Draconid Meteors

Draconid Meteors

An unpredictable meteor shower should be at its best tonight. It could even produce a rare outburst, with hundreds or more “shooting stars.”

A meteor forms when bits of dust and rock burn up in the atmosphere. Most of these particles are tiny, but they hit the air so fast that they vaporize, producing streaks of light.

Tonight’s meteor shower is known as the Draconids, because the paths of the meteors trace back to the constellation Draco. But you don’t need to know where the dragon is to watch the shower. If it appears, you’ll see meteors in all directions.

Most years, the Draconids don’t do much — only a few meteors punctuate the sky. Twice during the 20th century, though, though, the shower turned into a meteor storm — in 1933 and 1946.

This year could produce a good show, too. The comet that sheds the particles that spawn the shower passed by us just a month ago. So Earth could hit a stream of meteor-making particles.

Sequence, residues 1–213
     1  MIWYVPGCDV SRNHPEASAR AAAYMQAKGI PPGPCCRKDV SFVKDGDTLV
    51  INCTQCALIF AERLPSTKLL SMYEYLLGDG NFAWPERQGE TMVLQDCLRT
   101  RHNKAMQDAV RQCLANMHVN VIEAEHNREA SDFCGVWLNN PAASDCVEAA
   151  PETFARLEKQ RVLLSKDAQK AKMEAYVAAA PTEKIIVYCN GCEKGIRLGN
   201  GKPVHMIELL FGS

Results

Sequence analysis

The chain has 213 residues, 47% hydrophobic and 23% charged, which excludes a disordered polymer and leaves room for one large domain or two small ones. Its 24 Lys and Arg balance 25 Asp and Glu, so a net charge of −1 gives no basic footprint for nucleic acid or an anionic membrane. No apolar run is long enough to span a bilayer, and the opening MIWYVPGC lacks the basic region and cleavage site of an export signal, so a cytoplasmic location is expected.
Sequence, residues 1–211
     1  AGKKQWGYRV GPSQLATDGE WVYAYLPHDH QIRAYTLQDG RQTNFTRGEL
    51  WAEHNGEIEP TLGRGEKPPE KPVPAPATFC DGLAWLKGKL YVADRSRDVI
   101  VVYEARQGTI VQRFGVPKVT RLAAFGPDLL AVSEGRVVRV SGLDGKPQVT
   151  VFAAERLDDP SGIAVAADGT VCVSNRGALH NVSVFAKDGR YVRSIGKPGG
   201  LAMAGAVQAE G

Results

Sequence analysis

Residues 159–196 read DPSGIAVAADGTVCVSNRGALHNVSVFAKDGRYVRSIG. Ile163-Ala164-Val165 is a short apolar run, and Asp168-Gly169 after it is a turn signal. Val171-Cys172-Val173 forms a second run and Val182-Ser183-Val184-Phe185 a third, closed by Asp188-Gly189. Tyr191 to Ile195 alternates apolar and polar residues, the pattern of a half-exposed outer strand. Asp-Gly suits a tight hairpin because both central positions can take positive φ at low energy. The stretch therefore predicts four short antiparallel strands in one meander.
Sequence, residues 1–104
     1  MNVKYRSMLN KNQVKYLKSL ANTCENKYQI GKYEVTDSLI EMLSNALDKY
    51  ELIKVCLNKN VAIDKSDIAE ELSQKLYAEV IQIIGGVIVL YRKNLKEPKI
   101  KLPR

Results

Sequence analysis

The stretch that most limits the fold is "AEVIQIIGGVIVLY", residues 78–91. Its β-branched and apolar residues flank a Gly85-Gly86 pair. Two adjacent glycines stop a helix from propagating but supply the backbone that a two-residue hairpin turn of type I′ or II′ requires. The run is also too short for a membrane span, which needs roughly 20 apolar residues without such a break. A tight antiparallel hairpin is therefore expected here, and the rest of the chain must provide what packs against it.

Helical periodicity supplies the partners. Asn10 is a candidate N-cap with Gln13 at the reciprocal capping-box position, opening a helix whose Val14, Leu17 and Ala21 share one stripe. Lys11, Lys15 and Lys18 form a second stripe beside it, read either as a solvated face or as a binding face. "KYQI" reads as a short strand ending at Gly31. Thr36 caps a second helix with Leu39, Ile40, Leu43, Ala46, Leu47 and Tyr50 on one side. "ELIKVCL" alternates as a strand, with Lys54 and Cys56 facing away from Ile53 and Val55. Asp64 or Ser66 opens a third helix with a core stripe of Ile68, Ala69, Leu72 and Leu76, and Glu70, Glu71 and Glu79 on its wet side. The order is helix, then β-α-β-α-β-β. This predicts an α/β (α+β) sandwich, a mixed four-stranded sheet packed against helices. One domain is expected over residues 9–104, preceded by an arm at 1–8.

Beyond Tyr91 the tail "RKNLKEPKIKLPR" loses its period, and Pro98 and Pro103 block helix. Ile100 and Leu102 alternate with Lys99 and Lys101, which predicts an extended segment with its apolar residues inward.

Unlike most meteor showers, the Draconids are best observed before midnight. So you can head out to look for the meteors as soon as the sky gets dark. Your chances of seeing them are best if you get away from bright city lights. And the biggest nightlight of them all, the Moon, won’t interfere, because it’s new tonight.

The Moon is predictable, but the Draconids are not. So no one knows what will happen after dusk tonight — whether we’ll see lots of Draconid meteors or none at all.

Script by Ken Croswell

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